Is there a limit to localism?

Yesterday I was giving evidence to the Communities and Local Government Committee for their localism inquiry, alongside Mencap, Sitra and Runnymede Trust.

On the whole, our position on localism is quite positive. The Localism Bill will give more freedom to local authorities and at the same time give local communities more ways to be involved in local decision making, with new powers for neighbourhood planning, to call local referendums and the chance to bid to run local services. We can see there are opportunities and risks in this new approach. But one of the MPs accused us of wanting our cake and eating it – holding on to some national requirements at the same time as supporting localising power, in particular giving communities a chance to get more involved.

To me this doesn’t seem too much to ask. After all this should not be a choice between either a controlling centralised system or a localised free-for-all. A localist approach should increase opportunities for people in later life to have a greater say in their neighbourhood and shape the services they need. We can already see this happening in some places. There are good examples where local authorities are working with partners and individuals to better tailor services.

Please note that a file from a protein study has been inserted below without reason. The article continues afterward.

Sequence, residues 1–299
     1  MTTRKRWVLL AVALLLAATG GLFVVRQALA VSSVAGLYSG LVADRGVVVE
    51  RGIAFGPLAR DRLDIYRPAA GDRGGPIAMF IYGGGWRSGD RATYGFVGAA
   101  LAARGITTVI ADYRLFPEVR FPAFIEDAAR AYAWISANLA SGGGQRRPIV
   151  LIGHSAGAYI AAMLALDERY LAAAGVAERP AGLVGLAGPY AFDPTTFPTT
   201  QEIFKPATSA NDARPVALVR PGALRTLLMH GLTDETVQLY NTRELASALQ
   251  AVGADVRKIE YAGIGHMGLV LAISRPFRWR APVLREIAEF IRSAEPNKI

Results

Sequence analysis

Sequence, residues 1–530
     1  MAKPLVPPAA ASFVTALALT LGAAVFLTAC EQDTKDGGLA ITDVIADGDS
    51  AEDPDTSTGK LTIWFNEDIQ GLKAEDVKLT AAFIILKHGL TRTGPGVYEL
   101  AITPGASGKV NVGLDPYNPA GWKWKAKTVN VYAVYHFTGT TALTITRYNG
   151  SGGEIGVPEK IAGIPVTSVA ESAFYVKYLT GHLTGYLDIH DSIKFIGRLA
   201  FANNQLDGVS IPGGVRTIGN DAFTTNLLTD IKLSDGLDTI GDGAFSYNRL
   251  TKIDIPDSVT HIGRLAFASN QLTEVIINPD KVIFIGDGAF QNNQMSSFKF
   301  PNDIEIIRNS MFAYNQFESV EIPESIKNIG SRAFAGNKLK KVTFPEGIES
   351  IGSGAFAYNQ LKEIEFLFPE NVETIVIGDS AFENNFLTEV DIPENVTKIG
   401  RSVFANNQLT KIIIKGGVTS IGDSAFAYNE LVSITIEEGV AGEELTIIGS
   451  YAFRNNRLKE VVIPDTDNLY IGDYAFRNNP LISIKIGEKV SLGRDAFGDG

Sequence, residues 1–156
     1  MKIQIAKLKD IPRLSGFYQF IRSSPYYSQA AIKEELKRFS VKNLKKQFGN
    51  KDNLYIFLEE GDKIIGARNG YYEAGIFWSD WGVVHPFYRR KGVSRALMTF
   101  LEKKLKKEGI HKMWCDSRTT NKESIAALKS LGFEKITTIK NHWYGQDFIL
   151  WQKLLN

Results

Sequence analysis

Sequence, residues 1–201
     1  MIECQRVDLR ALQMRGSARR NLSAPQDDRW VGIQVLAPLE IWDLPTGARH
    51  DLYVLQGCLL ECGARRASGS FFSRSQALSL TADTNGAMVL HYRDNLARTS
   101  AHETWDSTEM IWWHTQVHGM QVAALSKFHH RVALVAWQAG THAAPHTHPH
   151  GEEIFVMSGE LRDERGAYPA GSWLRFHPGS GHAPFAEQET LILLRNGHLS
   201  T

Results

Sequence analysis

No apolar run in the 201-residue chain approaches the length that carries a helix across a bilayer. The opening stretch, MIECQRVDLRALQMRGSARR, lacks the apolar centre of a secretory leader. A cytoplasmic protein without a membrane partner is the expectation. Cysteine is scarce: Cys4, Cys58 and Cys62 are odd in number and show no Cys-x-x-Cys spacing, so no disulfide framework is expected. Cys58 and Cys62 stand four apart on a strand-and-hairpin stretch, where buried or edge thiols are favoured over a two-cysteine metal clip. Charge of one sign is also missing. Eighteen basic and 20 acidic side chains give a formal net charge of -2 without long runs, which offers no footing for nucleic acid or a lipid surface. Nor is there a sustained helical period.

For instance, Age Concern Rotherham has supported the implementation of Rotherham Borough Councils ‘Home from Home’ Quality Scheme by running sessions in residential homes to support residents and their families to express their views about the care they are receiving.

But we are also looking for some balance. This good practice isn’t happening everywhere and there is no guarantee that a localist approach will mean everyone in a community gets to have their say. The Citizenship Survey 2009-10 showed that older people were less likely than younger groups to feel they could influence decisions locally and nationally. People need to see what changes when they get involved. For some older people who face multiple discrimination there will be additional barriers to participation which need to be systematically identified and addressed.

This is why we need to hold onto some national form of accountability. This doesn’t necessarily mean a burdensome performance management system, but checks and balances that mean wherever you live you know what you should expect from your council. For more information see our written response to the inquiry.

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